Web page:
The Story Behind the Song: Melvins’ Bucket of Honey


While grunge’s ubiquitous success in the early ’90s was a surprise, what happened next was not. After the explosive rise of Nirvana, Pearl Jam, Alice In Chains and Soundgarden, an army of A&R executives has scrambled en masse across the Pacific Northwest with express orders to find the next flannel-clad superstars who could deliver a It does not matter Where Dirtmedium-sized blockbuster.

One of the most unlikely bands to get caught in the nets of big brand trawlers was Melvins. Between 1993 and 1996, these irreverent musical iconoclasts from the backwaters of Washington State released three albums on Atlantic Records, home of Skid Row, Dream Theater and AC / DC. The first of them, Houdini, housed Bucket of honey, the song that would give them the closest thing to a breakthrough hit – although, typically contrary, its uptempo but complex metallic hardcore cross-pollination with thick, vicious riffs and weird time signatures didn’t sound like it. whether their old underground contemporaries were producing.

“If Captain Beefheart were a metal band, it would sound like this,” says lead singer and guitarist Buzz Osborne of both Bucket of honey and his band’s production in general, referring to the gravel-throated visionary behind the avant-garde masterpiece of the late 1960s Trout Mask Replica. “Bucket of honey is one of our most popular songs. I would never have guessed when writing it. I thought it was cool, but I didn’t think it was going to be what it was going to be.

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Melvins had released four full indie albums before Atlantic’s call, featuring a pre-grunge doom / stoner / sludge hybrid with secondary controls of everything from offbeat classic rock to sunny ’60s pop. They weren’t. not above a little mischief either: the years 1992 Lysol album resulted in a cease and desist order from the cleaning company from which it takes its name.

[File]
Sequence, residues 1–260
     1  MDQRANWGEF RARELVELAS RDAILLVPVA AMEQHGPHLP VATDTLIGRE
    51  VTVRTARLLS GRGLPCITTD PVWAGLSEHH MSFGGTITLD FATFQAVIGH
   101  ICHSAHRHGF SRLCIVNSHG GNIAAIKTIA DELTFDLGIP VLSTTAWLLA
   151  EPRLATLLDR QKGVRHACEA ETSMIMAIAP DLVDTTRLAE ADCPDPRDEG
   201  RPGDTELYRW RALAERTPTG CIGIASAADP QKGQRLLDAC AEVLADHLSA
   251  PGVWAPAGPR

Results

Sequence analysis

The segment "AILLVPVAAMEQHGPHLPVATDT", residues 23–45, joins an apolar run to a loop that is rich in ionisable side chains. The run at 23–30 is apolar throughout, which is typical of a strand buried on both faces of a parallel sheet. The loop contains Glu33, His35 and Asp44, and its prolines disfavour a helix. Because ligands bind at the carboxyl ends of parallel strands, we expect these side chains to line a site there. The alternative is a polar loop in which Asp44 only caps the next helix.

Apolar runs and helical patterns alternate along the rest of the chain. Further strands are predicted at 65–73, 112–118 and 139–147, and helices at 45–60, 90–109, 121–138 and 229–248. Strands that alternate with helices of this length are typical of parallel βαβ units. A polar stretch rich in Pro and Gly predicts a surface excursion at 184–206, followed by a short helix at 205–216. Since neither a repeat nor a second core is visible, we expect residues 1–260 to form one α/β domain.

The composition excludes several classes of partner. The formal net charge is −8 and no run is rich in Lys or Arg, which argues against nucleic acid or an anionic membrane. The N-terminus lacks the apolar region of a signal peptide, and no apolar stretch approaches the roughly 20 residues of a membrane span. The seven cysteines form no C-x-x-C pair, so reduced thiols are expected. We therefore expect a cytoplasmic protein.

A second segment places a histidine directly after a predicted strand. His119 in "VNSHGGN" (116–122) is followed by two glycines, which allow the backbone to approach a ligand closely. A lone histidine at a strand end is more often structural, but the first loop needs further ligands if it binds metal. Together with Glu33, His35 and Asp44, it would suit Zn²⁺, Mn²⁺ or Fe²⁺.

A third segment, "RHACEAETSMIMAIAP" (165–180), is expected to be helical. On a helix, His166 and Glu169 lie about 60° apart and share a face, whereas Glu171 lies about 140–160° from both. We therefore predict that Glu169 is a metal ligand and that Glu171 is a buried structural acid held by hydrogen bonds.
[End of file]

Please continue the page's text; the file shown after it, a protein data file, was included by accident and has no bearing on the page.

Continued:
Superficially, it’s not hard to see what Atlantic saw in Melvins. Nirvana frontman Kurt Cobain regularly featured them as one of his favorite bands, partly because of their maverick musical approach and partly because they had proven that it was possible to escape. from the claustrophobic surroundings of the small town in the Northwest. The unofficial sponsorship of the most talked about rock star was a plus for the label. Melvins’ geographic connection to the new center of the musical universe didn’t hurt either.

“At that point, the center-left groups were signed because Nirvana and Soundgarden were selling tons of records,” says Buzz. “The labels didn’t know what was going to work – five minutes ago they were doing hair metal – but because they are aiming to make money, they signed 15 to 20 bands and hoped that some- a few of them have sold millions of records. We did it, but the difference was that we didn’t expect to sell millions of records. We figured it was business as usual, that we would make a record with Atlantic and carry on. “